A smart grid facilitates more effective energy management of an electrical grid system. Because both energy consumption and associated building operation costs are increasing rapidly around the world, the need for flexible and cost-effective management of the energy used by buildings in a smart grid environment is increasing. In this paper, we consider an energy management system for a smart energy building connected to an external grid (utility) as well as distributed energy resources including a renewable energy source, energy storage system, and vehicle-to-grid station. First, the energy management system is modeled using a Markov decision process that completely describes the state, action, transition probability, and rewards of the system. Subsequently, a reinforcement-learning-based energy management algorithm is proposed to reduce the operation energy costs of the target smart energy building under unknown future information. The results of numerical simulation based on the data measured in real environments show that the proposed energy management algorithm gradually reduces energy costs via learning processes compared to other random and non-learning-based algorithms. Full article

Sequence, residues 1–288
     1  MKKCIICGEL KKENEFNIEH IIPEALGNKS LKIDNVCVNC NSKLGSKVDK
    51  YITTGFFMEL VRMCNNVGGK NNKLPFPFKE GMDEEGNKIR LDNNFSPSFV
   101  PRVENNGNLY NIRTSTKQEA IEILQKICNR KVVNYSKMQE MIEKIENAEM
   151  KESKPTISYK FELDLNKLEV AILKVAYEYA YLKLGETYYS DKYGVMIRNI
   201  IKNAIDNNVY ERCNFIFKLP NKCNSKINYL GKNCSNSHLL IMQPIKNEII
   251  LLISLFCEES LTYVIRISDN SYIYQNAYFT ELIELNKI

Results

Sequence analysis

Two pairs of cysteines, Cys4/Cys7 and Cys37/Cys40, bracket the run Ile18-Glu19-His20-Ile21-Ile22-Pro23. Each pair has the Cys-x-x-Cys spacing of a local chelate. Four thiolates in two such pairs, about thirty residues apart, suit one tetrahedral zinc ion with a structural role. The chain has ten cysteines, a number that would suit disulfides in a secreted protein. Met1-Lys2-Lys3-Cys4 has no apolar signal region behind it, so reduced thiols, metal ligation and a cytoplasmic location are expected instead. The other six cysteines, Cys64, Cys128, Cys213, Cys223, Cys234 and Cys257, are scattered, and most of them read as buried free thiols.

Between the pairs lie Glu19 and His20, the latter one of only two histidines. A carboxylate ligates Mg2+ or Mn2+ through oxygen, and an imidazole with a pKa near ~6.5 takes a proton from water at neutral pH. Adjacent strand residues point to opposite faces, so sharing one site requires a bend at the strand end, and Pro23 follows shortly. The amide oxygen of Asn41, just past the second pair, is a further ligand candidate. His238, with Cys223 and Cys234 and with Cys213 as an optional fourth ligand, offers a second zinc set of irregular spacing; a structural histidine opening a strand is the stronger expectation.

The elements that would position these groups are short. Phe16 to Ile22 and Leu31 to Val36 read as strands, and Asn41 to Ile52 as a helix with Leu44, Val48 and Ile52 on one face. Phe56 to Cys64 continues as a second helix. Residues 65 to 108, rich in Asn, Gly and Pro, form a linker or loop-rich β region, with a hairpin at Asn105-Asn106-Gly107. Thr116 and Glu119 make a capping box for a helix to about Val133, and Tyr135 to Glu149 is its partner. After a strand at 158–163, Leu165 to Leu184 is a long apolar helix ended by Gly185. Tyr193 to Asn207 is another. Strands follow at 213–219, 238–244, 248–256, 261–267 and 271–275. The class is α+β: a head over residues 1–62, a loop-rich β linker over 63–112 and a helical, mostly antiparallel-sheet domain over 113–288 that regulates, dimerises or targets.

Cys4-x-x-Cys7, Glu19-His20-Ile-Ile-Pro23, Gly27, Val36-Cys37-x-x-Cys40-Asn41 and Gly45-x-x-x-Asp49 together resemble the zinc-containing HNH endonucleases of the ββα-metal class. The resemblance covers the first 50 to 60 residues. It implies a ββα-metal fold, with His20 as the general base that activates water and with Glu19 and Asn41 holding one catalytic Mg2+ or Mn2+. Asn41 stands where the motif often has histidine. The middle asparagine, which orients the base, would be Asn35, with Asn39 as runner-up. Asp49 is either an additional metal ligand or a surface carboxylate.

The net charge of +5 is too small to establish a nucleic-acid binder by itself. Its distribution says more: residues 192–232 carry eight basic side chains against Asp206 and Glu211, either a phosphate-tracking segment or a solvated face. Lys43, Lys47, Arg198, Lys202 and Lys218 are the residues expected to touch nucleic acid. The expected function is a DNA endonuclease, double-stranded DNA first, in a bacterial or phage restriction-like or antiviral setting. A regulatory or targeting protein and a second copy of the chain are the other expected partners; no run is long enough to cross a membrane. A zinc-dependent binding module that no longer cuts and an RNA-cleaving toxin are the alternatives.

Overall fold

(This article belongs to the Special Issue Energy Efficiency in Plants and Buildings 2019)
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Open AccessArticle
Development of Building Thermal Load and Discomfort Degree Hour Prediction Models Using Data Mining Approaches
Energies 2018, 11(6), 1570; https://doi.org/10.3390/en11061570 - 14 Jun 2018
Cited by 9 | Viewed by 1592
Abstract
Thermal load and indoor comfort level are two important building performance indicators, rapid predictions of which can help significantly reduce the computation time during design optimization. In this paper, a three-step approach is used to develop and evaluate prediction models. Firstly, the Latin [...] Read more.